Bradley Cooper had a problem. The Oscar-nominated actor was gearing up to play Leonard Bernstein, the musical genius behind “West Side Story” and “Candide” and one of the driving cultural forces of the 20th century. Except, Cooper looked nothing like the distinctive composer and conductor.
Enter Guillermo del Toro. The two men discussed Cooper’s predicament on the set of del Toro’s “Nightmare Alley,” which the actor starred in while working to get “Maestro,” his look at the private life of Bernstein, off the ground. Cooper confessed that he needed to be transformed, and according to del Toro, only one person was right for the job: Kazu Hiro. The Oscar-winning makeup artist had used his gift for prosthetics to transform Gary Oldman into Winston Churchill in “The Darkest Hour.” When Cooper sent Hiro a text asking if he was interested, he jumped at the chance.
More from Variety
Still, the task was daunting: Hiro was required to make Cooper as believable as Bernstein at various points in his life: as a 25-year-old composer stepping on the Carnegie Hall stage for the first time and a wistful, elderly man sitting at a piano conducting one of his last interviews.
And some choices — specifically the decision to give Cooper a prodigious prosthetic nose — have been criticized as antisemitic (Bernstein was Jewish; Cooper is not). After the first images surfaced, Cooper faced a social media backlash. In turn, Bernstein’s daughters issued a statement saying, “It happens to be true that Leonard Bern- stein had a nice, big nose. Bradley chose to use makeup to amplify his resemblance, and we’re perfectly fine with that. We’re also certain that our dad would be fine with it as well.”
Hiro agrees. “We wanted the look to be as authentic as possible,” he explains. “He’s iconic and people know what he looks like. As with any movie, we put an actor in a costume, and we build sets to make audiences believe the story, and makeup is a part of that.” And the artist insists that the goal was to help Cooper shape-shift convincingly: “We respect Lenny and his look. He’s so handsome and talented and an amazing composer and conductor. And when we listen to his music, we think of how he conducted, so it was important to make Bradley as close as possible to Lenny.”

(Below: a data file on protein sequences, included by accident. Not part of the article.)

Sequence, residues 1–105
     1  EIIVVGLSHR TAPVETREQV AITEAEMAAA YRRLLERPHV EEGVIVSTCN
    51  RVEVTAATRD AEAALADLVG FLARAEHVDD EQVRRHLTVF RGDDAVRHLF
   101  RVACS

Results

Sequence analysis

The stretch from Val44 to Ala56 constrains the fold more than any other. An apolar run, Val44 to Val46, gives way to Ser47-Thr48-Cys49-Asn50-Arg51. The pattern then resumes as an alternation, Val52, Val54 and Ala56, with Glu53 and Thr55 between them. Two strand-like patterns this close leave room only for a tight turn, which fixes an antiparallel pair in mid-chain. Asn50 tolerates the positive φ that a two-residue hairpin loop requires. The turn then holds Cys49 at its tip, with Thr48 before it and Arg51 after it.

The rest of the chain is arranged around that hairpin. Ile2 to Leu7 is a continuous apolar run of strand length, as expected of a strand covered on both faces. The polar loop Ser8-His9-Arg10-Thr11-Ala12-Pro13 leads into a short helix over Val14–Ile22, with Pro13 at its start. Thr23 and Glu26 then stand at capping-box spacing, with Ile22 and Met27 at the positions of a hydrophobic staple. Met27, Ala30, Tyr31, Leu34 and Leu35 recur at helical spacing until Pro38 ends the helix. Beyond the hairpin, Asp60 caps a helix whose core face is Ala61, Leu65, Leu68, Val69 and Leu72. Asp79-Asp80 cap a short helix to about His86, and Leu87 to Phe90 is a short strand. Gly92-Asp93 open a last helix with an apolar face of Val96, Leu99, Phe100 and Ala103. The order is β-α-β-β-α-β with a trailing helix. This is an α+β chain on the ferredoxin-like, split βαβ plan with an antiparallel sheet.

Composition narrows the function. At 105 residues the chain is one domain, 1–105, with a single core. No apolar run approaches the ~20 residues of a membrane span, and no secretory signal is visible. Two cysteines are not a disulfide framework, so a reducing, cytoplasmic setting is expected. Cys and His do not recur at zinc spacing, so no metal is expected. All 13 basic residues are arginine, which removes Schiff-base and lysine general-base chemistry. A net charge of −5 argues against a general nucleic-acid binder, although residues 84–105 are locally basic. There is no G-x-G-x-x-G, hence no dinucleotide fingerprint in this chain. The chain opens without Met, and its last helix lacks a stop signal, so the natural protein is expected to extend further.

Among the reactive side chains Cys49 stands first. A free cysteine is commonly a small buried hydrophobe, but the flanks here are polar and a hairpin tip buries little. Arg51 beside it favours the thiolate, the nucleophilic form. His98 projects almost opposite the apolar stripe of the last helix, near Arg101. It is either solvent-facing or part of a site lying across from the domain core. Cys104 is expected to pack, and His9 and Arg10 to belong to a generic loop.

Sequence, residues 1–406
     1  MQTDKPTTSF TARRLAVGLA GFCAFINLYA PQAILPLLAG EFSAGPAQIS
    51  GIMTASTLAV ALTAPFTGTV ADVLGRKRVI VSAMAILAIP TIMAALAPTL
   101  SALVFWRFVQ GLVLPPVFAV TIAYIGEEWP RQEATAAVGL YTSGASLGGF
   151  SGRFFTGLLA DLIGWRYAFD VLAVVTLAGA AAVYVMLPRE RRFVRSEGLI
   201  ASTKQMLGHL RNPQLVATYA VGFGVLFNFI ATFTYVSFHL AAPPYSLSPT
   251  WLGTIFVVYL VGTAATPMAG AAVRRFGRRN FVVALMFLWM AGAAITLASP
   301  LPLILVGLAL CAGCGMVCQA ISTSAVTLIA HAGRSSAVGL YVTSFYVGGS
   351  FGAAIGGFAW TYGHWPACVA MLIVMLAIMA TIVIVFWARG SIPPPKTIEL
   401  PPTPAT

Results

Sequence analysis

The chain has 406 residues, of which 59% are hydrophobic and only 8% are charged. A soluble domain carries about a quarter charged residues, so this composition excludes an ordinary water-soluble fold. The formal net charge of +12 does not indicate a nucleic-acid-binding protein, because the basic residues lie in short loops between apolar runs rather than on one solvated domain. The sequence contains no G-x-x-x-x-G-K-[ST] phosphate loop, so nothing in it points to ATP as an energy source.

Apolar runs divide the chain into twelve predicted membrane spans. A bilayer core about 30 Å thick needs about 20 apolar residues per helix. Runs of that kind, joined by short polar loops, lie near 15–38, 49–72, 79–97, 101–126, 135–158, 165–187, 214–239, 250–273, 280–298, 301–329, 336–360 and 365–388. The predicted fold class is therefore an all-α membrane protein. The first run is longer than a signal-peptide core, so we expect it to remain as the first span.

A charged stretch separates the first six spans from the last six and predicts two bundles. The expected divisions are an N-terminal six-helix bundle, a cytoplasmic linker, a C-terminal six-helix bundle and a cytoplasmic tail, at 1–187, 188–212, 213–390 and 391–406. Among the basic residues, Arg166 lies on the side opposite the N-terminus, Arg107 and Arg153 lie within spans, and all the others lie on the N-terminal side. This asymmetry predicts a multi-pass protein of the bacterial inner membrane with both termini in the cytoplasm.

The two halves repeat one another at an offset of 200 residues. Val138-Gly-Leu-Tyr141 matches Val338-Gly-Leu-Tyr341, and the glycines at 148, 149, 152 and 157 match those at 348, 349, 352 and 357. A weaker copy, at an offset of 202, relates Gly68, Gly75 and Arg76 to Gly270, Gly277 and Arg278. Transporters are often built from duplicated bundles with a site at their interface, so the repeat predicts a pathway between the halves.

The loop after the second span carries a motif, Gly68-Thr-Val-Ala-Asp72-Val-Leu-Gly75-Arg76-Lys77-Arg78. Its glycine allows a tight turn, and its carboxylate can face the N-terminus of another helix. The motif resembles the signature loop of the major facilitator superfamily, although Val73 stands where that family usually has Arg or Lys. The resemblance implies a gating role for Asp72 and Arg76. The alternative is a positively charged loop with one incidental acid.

Cooper’s makeup transformation process consisted of multiple stages. One of the first looks, in which Cooper plays a youthful Bernstein, took about two and a half hours to achieve, and involved applying lip and chin pieces along with the prosthetic nose.
“We changed Bradley’s ear shape,” Hiro says. “Bradley had mentioned that Lenny has a distinct voice, and he wanted me to make nose plugs to change the way his voice sounded. “I made ones that pushed out his nose wing. We gave him a face-lift around the temples that would pull the eyes out and jawline to make them younger.”
As Bernstein aged, the makeup became more intense.Hiro added cheek and neck, earlobe prosthetics. He applied a bald cap. and later stage, he added stipple around Cooper’s eyes to create wrinkles and a forehead prosthetic was added. The final scenes, just before Bernstein’s death in 1989, required five hours of makeup and masking. Hiro created a full-body suit, along with prosthetics for the eyes, nose, lips, neck, shoulders and hands.
Hiro recalls Cooper’s dedication as both actor and director on “Maestro.” Because he was juggling so many responsibilities, Cooper would get to set before the crew to begin the metamorphosis into Bernstein. By the time everyone arrived to start shooting, “[Cooper] would be out there in full makeup ready to go.”
For Hiro, nothing can top his work on “Maestro.” “I told Bradley that after this, I could retire,” he says. “This is everything I’ve wanted to do in the movie industry.”
Listen to Hiro discuss his process on Variety’s Awards Circuit podcast.
Best of Variety